A Difficult Decision
Some people heralded the move as a publicity stunt. However, in the end, it was Radiohead who had the last laugh, witnessing the transformational power of trust. According to recent media reports, Radiohead has generated more revenue from this one album than it has from all of its previous albums.
TRIP is also a journey that my own company, LRN, has been on. The decision to write about a particular aspect of this TRIP has not been an easy one. In fact, in spite of regularly writing about the need to transform from 20th century modes of leadership—from command-and-control, divide-and-conquer, "my way or the highway" to modes that are more relevant and effective in a more transparent and connected world—I paused at the thought of sharing intimate details about the goings-on at my own company. Perhaps it is a founder's instinct to keep things "within the family." After all, I am the CEO of a private company with no requirements to disclose information.
However, I hope that by sharing this story and by openly talking about how we are seeking to extend trust as a strategy, others might find the strength to do the same. Together, we can use trust as the engine to get our economy back on track.
Today, LRN is in the midst of a restructuring, and we are putting our faith in TRIP like never before. Unlike the Mellon example, our restructuring is not a result of an economic hardship or deviation in our business strategy or principles. In fact, we are in an enviable position: LRN pioneered the field of online ethics and compliance education and has since educated tens of millions of employees around the world on how to "do the right thing," and we continue to help leaders inspire principled performance in business.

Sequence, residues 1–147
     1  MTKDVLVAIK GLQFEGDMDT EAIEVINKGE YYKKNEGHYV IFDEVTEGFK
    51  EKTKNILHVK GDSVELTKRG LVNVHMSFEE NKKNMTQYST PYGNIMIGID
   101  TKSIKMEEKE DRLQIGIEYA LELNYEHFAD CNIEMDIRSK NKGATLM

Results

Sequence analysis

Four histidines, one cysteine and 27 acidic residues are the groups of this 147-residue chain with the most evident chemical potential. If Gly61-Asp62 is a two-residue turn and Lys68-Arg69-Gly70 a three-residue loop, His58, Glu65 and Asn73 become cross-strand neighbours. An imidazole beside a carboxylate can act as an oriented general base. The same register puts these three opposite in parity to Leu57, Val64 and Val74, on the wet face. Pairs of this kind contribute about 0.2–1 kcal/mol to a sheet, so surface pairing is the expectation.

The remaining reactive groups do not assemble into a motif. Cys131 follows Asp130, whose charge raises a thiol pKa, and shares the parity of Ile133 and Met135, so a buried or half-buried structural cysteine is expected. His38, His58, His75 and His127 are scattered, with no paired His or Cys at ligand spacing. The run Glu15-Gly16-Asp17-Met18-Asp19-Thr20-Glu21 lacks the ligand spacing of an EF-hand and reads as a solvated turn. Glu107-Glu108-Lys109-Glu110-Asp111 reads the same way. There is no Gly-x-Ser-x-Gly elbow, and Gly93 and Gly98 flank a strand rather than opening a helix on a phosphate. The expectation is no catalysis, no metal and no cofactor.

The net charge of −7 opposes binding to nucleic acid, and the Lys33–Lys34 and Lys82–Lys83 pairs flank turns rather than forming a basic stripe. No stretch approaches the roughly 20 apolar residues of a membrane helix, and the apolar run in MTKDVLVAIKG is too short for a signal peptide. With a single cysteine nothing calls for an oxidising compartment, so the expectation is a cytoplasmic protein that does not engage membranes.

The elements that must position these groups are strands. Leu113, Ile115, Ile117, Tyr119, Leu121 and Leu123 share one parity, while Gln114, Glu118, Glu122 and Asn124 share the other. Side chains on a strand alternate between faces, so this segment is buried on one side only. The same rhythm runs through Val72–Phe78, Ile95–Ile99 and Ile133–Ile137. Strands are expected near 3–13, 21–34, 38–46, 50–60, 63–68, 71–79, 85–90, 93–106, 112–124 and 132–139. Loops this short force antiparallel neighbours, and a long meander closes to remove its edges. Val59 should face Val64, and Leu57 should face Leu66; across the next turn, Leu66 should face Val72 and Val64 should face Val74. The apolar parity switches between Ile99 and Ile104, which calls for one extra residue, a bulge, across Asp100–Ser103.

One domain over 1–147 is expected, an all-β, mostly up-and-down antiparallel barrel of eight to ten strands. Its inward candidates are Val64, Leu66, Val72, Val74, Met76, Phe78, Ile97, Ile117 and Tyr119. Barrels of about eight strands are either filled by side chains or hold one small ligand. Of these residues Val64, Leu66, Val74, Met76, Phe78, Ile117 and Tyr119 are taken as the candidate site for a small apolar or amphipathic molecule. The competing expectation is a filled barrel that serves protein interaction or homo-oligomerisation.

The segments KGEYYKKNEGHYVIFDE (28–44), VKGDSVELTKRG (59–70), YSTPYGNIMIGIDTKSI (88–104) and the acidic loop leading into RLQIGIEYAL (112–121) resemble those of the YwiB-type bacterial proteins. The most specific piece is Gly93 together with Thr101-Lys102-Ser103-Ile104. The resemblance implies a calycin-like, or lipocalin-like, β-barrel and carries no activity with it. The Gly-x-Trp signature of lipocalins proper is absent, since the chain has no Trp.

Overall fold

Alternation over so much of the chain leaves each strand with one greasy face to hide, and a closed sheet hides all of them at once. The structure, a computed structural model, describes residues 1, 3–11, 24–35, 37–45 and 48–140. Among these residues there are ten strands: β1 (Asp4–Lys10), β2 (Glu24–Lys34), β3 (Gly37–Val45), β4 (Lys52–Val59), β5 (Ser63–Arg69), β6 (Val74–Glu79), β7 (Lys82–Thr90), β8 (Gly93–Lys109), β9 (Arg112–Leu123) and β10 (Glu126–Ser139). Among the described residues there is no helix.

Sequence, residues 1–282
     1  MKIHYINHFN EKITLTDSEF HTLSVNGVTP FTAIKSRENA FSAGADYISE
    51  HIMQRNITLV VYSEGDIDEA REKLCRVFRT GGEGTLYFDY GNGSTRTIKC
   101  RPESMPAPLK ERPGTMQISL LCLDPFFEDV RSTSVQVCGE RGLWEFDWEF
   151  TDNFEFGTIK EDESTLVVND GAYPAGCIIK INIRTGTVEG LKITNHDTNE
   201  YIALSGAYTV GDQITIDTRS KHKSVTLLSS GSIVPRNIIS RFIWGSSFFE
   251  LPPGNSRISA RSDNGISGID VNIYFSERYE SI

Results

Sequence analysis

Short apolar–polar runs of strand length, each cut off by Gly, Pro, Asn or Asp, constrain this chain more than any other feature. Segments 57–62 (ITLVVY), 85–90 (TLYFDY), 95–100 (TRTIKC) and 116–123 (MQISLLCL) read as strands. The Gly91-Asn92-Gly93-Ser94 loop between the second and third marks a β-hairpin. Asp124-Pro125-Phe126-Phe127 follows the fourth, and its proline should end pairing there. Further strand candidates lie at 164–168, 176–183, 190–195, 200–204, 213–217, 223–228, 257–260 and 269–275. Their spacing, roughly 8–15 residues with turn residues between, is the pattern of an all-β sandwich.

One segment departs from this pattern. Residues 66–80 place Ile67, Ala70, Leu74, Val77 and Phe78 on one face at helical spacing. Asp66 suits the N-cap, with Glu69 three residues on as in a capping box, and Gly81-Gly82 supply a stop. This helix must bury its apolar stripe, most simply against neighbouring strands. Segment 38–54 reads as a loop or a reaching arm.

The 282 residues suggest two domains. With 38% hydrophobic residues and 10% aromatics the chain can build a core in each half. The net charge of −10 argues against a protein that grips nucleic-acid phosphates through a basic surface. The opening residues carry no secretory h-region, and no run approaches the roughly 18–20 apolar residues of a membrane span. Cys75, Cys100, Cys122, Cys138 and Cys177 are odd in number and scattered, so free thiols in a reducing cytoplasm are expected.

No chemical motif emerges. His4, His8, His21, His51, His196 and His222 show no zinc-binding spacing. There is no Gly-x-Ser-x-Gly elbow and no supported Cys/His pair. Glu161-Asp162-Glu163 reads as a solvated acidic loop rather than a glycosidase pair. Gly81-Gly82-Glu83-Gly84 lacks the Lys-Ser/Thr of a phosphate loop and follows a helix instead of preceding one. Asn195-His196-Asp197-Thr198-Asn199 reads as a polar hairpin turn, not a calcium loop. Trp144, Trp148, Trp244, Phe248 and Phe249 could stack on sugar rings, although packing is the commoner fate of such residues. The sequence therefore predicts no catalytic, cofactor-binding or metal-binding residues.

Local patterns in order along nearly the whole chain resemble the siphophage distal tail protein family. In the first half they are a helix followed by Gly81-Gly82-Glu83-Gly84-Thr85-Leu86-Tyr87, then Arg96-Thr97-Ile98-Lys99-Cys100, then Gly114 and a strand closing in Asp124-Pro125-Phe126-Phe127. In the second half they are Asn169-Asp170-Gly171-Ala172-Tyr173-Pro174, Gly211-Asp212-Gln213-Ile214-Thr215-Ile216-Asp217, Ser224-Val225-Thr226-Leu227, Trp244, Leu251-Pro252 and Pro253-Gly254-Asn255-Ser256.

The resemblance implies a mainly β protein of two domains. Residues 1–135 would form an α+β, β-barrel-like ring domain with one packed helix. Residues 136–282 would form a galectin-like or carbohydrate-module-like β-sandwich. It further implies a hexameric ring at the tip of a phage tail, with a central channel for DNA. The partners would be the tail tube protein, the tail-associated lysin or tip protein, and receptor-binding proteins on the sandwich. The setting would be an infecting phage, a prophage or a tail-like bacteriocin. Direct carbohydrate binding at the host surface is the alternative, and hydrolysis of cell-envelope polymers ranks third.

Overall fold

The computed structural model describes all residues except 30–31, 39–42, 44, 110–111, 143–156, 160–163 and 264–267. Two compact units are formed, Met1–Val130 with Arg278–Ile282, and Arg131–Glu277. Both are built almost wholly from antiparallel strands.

However, we have been asking ourselves an important question: Companies have been educating their employees and leaders on ethics and compliance for the past 20 years, but have we gotten more compliance and ethics? I think it is fair to say, and that our client partners would agree, that the answer is, not always. Like Radiohead, we believe we need to change the game. We need to help companies move beyond motivating performance out of people to inspiring principled performance in people.